The “queerest people” were not only short of stature but only wore blue. Described by L. Frank Baum, they populated Munchkin Country and first appeared in the novel “The Wonderful Wizard of Oz”. Of course we are referring to The Munchkins.
The Munchkins were best known from their depiction in the 1939 film version in which they are played by adult proportional dwarfs. They remain among the best recognized and best loved movie characters of all time. While their screen time was limited, about six minutes, their role of sending Dorothy off on her adventure to Oz greatly influenced the tone of the film.
I couldn’t resist looking at them as an anthropologist and could only imagine from a physician’s perspective what the medical and nursing staff thought when they all showed up for their pre-production physicals at the MGM Studios lot in Culver City, California.
Records reveal that there were 124 Munchkins, but that was not enough to satisfy the director, so the studio supplemented the number of “little people” by hiring children. Many of the Munchkin actors were from Europe with a variety of European accents. Since the story was supposed to be based in Kansas, MGM didn’t want their voices to be heard. In fact the Munchkins sang while on the set during the filming but the studio muted most of their voices. The movie was filmed just as World War II erupted in Europe and the Nazi persecution of Jews, people with disabilities and many others was beginning to get noticed. Many of the Munchkins used their role in the movie to avoid going back to Europe to be subjected to Nazi cruelty against the “disabled” and “improper beings.”
Munchkin salaries reflected society’s practice of inequality towards the “queerest people,” and they were given a salary of fifty dollars per week. It represented only half of MGM’s usual compensation for performer compensation. An interesting comparison was the salary paid to Toto, the dog.Toto received $125 per week.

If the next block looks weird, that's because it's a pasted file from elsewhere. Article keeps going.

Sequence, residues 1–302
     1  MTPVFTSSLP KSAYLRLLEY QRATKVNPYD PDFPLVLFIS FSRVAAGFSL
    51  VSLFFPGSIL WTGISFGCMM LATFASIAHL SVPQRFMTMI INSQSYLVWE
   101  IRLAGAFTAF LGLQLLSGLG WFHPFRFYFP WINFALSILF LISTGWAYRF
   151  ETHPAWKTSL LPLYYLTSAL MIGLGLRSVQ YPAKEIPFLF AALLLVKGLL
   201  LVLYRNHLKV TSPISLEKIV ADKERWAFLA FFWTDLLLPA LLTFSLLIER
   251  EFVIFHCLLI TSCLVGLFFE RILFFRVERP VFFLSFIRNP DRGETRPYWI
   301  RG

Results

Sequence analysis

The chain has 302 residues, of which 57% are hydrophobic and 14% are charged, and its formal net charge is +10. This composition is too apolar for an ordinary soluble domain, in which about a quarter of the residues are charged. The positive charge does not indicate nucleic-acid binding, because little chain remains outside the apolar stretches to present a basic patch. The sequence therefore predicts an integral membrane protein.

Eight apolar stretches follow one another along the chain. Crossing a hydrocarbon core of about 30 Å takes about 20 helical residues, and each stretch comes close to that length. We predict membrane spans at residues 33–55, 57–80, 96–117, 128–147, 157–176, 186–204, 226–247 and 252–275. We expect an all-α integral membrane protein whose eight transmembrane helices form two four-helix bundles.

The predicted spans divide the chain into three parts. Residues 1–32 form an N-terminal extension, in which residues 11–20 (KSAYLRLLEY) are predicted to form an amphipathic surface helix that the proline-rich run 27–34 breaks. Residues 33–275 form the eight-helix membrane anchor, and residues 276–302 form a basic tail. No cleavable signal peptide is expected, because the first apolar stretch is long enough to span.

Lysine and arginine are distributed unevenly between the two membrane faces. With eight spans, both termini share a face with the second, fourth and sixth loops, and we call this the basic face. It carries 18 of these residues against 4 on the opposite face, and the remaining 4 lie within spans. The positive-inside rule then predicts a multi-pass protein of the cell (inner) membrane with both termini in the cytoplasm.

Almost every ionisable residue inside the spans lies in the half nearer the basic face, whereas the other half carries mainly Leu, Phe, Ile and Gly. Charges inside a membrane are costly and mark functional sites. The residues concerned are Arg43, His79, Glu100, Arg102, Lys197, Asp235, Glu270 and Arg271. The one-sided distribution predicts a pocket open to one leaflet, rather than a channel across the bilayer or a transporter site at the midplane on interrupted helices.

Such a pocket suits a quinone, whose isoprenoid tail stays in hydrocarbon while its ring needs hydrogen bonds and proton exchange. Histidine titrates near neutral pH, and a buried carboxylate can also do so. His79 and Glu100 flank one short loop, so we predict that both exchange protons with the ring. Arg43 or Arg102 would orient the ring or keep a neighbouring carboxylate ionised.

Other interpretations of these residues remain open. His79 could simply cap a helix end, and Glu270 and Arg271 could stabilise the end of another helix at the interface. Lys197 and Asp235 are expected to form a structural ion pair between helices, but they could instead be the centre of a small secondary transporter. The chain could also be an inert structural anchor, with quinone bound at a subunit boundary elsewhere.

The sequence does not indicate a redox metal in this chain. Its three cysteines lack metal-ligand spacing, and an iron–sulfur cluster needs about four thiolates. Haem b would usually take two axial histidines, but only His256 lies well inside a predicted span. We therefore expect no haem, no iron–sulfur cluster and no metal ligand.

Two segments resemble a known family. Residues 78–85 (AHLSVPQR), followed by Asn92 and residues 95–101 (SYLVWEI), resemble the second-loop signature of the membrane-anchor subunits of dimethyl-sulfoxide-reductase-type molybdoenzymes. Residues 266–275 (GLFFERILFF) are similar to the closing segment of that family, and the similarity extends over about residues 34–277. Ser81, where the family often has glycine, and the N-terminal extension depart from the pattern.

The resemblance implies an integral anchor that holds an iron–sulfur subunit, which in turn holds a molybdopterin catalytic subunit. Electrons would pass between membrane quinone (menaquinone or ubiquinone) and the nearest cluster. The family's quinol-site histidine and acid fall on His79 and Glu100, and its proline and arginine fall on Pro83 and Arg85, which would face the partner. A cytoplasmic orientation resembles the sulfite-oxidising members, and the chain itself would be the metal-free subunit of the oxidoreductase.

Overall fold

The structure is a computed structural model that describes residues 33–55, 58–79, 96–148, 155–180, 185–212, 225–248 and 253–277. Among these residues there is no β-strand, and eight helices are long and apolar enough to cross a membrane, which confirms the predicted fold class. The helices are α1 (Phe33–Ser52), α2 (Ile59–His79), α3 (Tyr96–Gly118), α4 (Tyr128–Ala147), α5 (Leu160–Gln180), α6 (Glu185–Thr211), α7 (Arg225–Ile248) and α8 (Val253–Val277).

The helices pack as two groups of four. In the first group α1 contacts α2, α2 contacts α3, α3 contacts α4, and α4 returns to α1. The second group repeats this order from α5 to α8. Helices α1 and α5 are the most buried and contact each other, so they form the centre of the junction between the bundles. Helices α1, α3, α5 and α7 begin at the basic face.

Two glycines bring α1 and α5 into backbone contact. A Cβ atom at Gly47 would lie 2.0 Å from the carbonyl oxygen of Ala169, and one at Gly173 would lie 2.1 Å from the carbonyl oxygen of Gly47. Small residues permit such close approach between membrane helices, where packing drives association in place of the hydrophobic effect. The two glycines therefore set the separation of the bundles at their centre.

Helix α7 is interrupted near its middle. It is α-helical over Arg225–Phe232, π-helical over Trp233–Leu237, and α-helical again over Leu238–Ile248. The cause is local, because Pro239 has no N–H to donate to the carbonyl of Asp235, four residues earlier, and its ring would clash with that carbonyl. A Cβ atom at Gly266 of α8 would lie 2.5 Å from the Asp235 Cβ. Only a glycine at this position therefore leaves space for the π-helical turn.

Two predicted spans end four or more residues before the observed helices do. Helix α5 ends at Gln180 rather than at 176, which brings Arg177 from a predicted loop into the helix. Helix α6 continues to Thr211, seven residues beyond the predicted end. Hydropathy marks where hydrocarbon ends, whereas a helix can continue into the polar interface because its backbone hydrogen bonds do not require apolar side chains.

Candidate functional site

Author Baum never revealed where the name “Munchkin” came from. Best bets are either from the German word for “manikin” or “little figure,” or from “Munchner Kindl,” the emblem of the Bavarian city of Munich. This symbol was often painted on beer steins and it is believed that Baum might have been struck by it as a youngster.
The Munchkins were acknowledged for their influence to both the film and popular culture by receiving their own star on the Hollywood Walk of Fame in 2007. Only seven of the original Munchkins were present. According to an article at the time, “Those who attended wore replicas of their costumes and arrived in a horse-drawn carriage, and they walked on a yellow carpet symbolizing the yellow Brick Road from the movie.”
Of particular interest to Munchkinphiles is what they represented. One of Baum’s aims in writing “The Wizard of Oz” was a desire to curtail the nightmarish aspects (witches baking little children) of the traditional fairytale by providing a joyish tale for little children. The Munchkins represented the little people who worked for a living, the backbone of the community and the productive engines of society.
It’s a powerful message for the disability community and our culture. Little people, “Munchkins,” a group of individuals with the commonality of being off the normal grid, outliers of standard deviations, are indeed the backbone of our society. Readers of Exceptional Parentmagazine have known that since they found themselves as exceptional parents.
I plan to stop off on my way home tonight at Dunkin’ Donuts, purchase a box of their namesake and celebrate their influence on our evolving sensibilities.•
Afterword: Ruth Robinson Duccini died on January 16, 2014, the last female